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The formula to watch looks like this: Profit = Sales - (input cost + production cost + overhead). If companies want to subsidize consumers by keeping prices down, then profits are squeezed. If they want to offset input costs with offsetting production and overhead costs, then labor (consumers) and capex gets cut. The reality is as follows:

We are getting increasing confirmation about this on the 'stranguflation' watch. And remember that this reflects 3Q input costs, which have since gone parabolic. For instance, Goodyear (NASDAQ:GT) and Cooper Tires (NYSE:CTB) put through a significant price increase last month. Rubber futures have since surged even higher.

  • Kimberly Clark (NYSE:KMB) came up short on estimates, attributing the short fall to rising input costs. Interestingly the problem is centered around oil-based commodites as much as anything, and that's been a lagging commodity. Analysts are quoted as being uncertain about passing on costs, so chalk it up to profit squeeze. Costs have been an issue, too, in recent months and rose $265 million in the quarter, the highest increase in a quarter the company has ever seen. The rise was primarily from fiber, but also other inputs including polymer resin and oil-based materials.
  • Arcelor Mittal (NYSE:MT), the world's largest steelmaker, wrote the script on stranguflation reporting that demand is rather muted, but input costs are rising. The company is struggling with passing on prices. Verdict here is also profit squeeze.

  • (AP) Previously announced plans to make customers bear some of the costs of higher raw material prices haven't been very successful so far. "We made some attempts to pass on those prices rises," Aditya Mittal said, "but those price rises do not stick."
  • Sherwin Williams (NYSE:SHW) indicated raw material costs impacted 3Q earnings. I think it is important to recognize that these costs have accelerated and worsened since the end of 3Q. In SHW's case, the challenge seemed to be the timing of price increases more so than inability to do so.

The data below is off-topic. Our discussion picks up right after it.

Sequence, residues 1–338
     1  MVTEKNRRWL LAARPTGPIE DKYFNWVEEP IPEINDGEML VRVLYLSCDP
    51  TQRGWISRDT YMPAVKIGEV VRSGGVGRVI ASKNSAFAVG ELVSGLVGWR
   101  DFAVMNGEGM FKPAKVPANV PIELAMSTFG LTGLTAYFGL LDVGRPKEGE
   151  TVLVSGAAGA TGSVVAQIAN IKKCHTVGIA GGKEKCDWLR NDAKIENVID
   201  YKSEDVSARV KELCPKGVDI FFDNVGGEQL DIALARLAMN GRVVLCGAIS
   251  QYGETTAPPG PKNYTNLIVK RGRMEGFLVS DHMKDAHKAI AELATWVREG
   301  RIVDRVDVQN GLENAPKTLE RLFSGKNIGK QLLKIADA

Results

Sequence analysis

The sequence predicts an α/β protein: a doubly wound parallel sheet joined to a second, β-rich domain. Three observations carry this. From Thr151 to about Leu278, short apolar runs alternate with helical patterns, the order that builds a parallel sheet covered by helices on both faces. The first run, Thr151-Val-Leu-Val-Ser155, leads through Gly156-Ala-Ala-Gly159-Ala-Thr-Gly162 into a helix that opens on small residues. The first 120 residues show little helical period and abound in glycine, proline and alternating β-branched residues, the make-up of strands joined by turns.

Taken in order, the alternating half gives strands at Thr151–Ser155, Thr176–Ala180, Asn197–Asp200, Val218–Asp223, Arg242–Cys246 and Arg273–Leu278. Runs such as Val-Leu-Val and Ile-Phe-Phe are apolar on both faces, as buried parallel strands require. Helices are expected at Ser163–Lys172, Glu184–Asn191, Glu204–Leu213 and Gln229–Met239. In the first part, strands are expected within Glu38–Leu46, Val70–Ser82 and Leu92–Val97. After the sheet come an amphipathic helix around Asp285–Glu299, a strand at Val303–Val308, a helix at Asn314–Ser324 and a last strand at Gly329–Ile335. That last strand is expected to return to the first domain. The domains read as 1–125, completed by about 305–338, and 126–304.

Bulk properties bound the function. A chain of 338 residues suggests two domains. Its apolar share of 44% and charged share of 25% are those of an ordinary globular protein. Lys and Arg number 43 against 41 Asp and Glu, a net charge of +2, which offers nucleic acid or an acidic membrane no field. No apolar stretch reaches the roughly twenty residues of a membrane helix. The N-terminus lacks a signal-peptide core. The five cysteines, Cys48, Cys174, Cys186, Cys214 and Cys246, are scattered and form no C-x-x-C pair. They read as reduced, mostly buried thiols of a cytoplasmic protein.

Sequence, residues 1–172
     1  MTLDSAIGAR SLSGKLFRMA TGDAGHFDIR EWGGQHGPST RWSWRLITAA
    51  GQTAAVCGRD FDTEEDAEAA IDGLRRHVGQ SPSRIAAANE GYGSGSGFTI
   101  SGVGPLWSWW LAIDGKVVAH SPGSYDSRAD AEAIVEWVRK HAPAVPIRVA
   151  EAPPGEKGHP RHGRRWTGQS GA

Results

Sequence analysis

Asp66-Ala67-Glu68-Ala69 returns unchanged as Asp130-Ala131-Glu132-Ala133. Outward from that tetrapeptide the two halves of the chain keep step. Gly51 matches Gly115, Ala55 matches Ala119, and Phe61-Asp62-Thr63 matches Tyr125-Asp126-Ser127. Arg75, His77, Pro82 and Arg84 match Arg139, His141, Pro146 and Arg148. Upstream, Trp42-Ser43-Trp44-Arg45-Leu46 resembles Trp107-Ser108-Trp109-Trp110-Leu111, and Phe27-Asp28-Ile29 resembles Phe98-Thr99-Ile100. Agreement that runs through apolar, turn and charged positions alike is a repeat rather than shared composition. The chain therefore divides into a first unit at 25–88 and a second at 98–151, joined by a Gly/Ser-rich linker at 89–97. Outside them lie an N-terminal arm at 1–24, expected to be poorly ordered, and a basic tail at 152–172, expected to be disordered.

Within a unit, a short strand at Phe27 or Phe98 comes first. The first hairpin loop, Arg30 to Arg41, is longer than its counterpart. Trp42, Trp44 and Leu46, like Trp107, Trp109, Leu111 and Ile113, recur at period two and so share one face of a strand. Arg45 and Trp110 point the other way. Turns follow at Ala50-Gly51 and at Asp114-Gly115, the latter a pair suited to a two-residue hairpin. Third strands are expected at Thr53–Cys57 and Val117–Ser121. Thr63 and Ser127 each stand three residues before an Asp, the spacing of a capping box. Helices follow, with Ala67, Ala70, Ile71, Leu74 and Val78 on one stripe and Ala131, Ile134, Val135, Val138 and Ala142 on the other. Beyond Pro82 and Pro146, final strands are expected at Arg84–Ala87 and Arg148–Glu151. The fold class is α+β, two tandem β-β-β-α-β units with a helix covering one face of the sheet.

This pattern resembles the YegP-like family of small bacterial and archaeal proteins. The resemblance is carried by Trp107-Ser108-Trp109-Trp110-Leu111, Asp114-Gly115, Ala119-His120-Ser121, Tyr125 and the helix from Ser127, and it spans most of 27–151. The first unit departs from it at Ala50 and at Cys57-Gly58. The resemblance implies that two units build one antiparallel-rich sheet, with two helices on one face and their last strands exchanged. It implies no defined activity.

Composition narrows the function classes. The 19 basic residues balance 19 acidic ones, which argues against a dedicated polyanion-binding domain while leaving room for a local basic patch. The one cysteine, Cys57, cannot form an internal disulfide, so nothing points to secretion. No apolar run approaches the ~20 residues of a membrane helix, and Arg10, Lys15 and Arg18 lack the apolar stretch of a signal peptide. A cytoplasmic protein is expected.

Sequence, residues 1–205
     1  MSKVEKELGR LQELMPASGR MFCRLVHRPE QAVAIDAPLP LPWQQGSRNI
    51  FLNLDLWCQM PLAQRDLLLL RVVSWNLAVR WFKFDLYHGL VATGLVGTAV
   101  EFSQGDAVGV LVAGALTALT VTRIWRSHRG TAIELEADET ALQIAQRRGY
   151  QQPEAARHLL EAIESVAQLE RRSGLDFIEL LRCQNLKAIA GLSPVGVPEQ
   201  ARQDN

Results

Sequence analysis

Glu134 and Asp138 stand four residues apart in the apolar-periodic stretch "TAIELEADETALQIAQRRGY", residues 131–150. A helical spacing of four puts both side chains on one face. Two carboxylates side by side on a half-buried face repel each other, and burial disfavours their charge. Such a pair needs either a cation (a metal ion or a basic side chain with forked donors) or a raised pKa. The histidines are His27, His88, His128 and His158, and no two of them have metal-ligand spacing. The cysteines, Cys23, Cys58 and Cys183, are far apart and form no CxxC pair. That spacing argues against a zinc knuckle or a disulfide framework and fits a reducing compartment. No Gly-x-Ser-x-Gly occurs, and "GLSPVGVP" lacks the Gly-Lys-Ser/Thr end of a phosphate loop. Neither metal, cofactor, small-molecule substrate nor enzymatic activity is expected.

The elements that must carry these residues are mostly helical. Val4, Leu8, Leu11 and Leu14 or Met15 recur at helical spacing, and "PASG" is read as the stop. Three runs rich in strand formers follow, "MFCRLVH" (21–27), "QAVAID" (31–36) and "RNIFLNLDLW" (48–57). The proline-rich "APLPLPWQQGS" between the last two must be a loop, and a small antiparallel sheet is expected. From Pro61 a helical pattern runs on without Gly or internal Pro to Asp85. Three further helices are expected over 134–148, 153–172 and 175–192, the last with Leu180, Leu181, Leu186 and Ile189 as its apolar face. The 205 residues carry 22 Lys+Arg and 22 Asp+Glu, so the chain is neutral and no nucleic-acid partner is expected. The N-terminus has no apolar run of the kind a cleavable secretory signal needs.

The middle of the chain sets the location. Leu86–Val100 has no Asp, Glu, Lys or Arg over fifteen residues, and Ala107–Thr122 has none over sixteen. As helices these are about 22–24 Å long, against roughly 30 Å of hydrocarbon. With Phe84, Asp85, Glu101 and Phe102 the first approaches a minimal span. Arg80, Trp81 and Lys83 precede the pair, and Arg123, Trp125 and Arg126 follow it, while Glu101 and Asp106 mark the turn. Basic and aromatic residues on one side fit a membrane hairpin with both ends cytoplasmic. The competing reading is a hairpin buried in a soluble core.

• Procter & Gamble Co.'s (NYSE:PG) fiscal first-quarter earnings dropped 6.8% as higher commodity costs hurt margins, although sales of such key brands as Pantene and Olay climbed globally (WSJ).

  • Masco (NYSE:MAS) is being hammered by weak sales, higher titantium dioxide prices, higher copper prices (plumbing) and higher wood prices, which are impacting the Cabinet business. The company is trying to get some price increases passed on, the results are inconclusive.

  • In the steel sector, it is starting to look like shutdowns are the likely outcome, as input costs are far outstripping prices received [Platts: steel mills closings expected] .

Notice the one common denominator, this stranguflation has little to do with a stronger economy, and in fact is a totally different animal. Far from signalling a strong global economy, the commodity and input goods spike is flashing the alarm of impending global recession.

Meanwhile, as there is no real demand from Joe Ultra Light Sixpack, the space to sell to the "luxury market" is getting crowded and rather bubbly. It is unclear who and how many of these luxury consumers are out there. But if their market has grown, it too is largely a function of the government propping up fictitious capital (FC) game being played. Once FC is popped, the overrated luxury market will evaporate overnight.

Disclosure: No positions